Nitesh Kant describes how embracing asynchrony in Netflix applications, from networking to business processing, creates gracefully degrading and highly resilient applications.
Hans Dockter discusses how to solve the challenges of standardization, dependency management, multi-language builds, and automatic build infrastructure provisioning.
Haley Tucker and Mohit Vora discuss the architecture at Netflix that makes streaming happen, while highlighting interesting lessons and design patterns that can be widely applied.
Spencer Gibb discusses the Spring Cloud abstractions and interfaces that an implementation might choose to implement: DiscoveryClient, LoadBalancerClient, Configuration and Bus.
Jon Schneider and Taylor Wicksell explain how they leveraged Spring Cloud Netflix inside of Netflix in applications and extended it further to incorporate fast properties, Atlas metrics, and more.
Justin Becker & Neeraj Joshi describe Mantis, discuss the challenges associated with designing for the cloud, processing billions of events, all while being cost sensitive.
Kolton Andrus presents how Netflix, in order to harden their systems, designed “Failure as a Service” to allow anyone to test and validate how their systems handle failure.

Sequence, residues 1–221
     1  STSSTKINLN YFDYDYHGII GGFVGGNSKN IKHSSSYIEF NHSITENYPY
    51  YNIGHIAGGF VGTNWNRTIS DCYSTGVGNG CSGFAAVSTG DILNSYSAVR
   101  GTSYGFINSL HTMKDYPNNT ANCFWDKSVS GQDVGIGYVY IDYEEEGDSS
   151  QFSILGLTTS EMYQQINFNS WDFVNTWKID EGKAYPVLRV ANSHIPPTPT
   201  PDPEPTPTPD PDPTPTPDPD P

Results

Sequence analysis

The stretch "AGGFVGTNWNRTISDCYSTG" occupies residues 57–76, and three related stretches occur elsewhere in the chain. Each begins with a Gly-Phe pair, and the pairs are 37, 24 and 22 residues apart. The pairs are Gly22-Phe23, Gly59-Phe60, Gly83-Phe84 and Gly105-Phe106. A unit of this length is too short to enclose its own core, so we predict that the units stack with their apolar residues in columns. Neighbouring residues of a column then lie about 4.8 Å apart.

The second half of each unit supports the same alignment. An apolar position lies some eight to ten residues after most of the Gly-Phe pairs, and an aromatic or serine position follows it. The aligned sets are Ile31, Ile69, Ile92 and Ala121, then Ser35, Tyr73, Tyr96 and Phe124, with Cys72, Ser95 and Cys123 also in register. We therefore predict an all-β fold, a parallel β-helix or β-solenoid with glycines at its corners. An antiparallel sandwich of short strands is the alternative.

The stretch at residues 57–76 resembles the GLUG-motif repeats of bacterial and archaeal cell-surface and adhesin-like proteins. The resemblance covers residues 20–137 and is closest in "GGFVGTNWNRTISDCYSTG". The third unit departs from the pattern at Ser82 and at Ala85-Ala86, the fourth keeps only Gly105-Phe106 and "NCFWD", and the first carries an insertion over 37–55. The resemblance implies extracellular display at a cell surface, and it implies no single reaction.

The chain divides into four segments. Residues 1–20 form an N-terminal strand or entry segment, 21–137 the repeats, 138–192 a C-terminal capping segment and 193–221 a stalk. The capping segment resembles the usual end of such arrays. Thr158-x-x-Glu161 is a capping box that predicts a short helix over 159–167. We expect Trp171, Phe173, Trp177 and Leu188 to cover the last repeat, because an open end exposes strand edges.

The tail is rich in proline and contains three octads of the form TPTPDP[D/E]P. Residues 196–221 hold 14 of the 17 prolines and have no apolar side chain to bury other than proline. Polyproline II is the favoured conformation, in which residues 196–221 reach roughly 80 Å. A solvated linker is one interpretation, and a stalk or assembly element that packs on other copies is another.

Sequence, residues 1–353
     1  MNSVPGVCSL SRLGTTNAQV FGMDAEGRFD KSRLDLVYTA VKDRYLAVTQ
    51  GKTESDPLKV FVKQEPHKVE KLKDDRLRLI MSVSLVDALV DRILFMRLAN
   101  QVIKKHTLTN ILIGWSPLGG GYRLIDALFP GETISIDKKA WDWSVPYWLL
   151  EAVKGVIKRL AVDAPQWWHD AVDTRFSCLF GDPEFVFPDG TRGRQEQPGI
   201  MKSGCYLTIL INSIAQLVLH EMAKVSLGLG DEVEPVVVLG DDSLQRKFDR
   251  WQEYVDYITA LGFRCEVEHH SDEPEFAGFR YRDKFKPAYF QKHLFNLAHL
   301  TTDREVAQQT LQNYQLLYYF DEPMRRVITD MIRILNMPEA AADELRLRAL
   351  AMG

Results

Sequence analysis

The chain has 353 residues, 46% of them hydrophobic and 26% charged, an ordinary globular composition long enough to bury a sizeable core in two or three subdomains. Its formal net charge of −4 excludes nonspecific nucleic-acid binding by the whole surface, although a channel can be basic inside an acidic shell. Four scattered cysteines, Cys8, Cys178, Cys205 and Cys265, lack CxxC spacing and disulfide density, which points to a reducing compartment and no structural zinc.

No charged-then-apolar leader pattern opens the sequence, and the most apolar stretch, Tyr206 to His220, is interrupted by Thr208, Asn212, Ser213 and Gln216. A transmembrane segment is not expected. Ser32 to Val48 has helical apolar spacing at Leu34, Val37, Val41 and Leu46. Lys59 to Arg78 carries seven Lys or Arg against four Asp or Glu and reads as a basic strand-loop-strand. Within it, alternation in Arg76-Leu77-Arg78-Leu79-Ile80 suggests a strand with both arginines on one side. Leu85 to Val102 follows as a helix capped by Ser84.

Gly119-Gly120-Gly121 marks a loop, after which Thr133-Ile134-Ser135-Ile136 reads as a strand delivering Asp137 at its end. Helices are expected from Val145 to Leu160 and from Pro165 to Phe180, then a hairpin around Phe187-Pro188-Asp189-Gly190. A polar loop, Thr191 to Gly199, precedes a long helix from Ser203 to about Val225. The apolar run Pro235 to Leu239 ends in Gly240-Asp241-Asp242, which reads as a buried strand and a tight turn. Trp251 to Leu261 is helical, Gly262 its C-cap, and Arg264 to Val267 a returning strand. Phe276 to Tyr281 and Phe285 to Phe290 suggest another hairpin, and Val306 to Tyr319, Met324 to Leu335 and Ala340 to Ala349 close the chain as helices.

Matt Zimmer discusses architectural patterns -service decomposition, stateless application tiers, and polyglot persistence- and migration strategies used by Netflix.
Diptanu Choudhury discusses the design of Netflix’ distributed scheduler based on Mesos and Titan, focusing on bin packing algorithms, scaling in and out of clusters, fault tolerance, and redundancy.
Roy Rapoport shares some of the lessons Netflix learned building a monitoring system, the challenges, pitfalls and opportunities encountered along the way.
Sudhir Tonse discusses about the robust interprocess communications (IPC) framework that Netflix built (Ribbon).
Ben Christensen summarizes why the Rx programming model was chosen and demonstrates how it is applied to a variety of use cases.